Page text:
Friday, March 24, 2023


The festivals are mostly related to agricultural operations. The important thing about the Naga festivals is their corporate character.

The community as a whole participates in the celebrations. There is a definite programme stretching over a specified period in which all the village folk join.


Among the Aos, the most important festival is Moatsu, which is celebrated after the sowing is over. The festival last six days. On the first night of the festival sexual intercourse was forbidden. Every man was required to wear a new belt, for hanging his dao. The unmarried men received belts as presents from their girl friends, the married men got from their wives. During this occasion, the restriction relating to dress and ornaments were relaxed. People could wear even the forbidden ones according to their will.

The most important role, during the festival used to be played by the youths of the bachelor's dormitory. Before the festival, the morung had to be repaired and cleansed. The dancing drums were also put to order by attaching new skins. On the first day of the festival, the boys belonging to the younger age-groups used to go to the jungle and collect six bundles of paired bamboo strips each. These they handed over to the morung elders, for use according to their discretion. On the second day, all the boys and grown-up males engaged themselves in clearing the village, particularly the main approaches to the village.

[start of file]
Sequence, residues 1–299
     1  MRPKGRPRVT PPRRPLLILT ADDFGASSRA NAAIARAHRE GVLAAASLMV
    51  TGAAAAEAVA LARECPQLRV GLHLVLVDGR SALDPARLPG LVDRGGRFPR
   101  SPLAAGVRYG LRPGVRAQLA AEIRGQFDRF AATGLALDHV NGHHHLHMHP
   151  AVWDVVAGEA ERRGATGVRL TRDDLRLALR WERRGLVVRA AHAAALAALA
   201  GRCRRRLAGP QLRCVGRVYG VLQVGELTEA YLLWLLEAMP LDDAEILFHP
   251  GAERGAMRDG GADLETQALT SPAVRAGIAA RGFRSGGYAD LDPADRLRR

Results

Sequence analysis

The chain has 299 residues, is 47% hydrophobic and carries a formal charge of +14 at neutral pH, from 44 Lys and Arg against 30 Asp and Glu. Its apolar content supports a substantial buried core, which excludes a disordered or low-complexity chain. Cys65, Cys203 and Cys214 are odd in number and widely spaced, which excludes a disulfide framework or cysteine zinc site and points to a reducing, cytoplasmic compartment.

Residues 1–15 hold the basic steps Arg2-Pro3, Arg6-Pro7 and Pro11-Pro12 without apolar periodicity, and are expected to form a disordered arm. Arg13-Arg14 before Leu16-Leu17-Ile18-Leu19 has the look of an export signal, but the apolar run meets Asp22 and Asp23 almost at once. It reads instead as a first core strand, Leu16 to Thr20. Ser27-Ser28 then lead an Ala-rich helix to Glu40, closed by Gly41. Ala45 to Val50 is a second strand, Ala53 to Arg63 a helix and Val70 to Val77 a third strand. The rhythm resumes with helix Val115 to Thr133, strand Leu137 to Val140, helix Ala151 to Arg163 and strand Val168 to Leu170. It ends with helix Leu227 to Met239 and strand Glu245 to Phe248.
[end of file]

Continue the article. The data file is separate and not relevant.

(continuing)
That night, the cows and the pigs to be slaughtered on the occasion of this festival were tied outside the morung. On the third day, the cows and the pigs would be killed. The meat was distributed among the boys of the morung and some portion was kept apart, to be given as present. In the evening, the boys would eat the meat outside the morung. Later some old men would come to the morung and would be entertained with meat and rice-beer. When they would eat the meat, the boys would be singing songs inside the morung. On the fourth day, the people of Mongsen Khel would dance in procession; in all the streets of the village. On the fifth day, the people of Chungli Khel would dance similarly. The women were not to take any part in these dances, but at intervals they served rice-beer to the dancers. The old men also would not dance, but follow the dancer, singing songs. A drummer always accompanied the party and the people would dance to the beatings of the drum. On the sixth day, both the Khels used to dance together.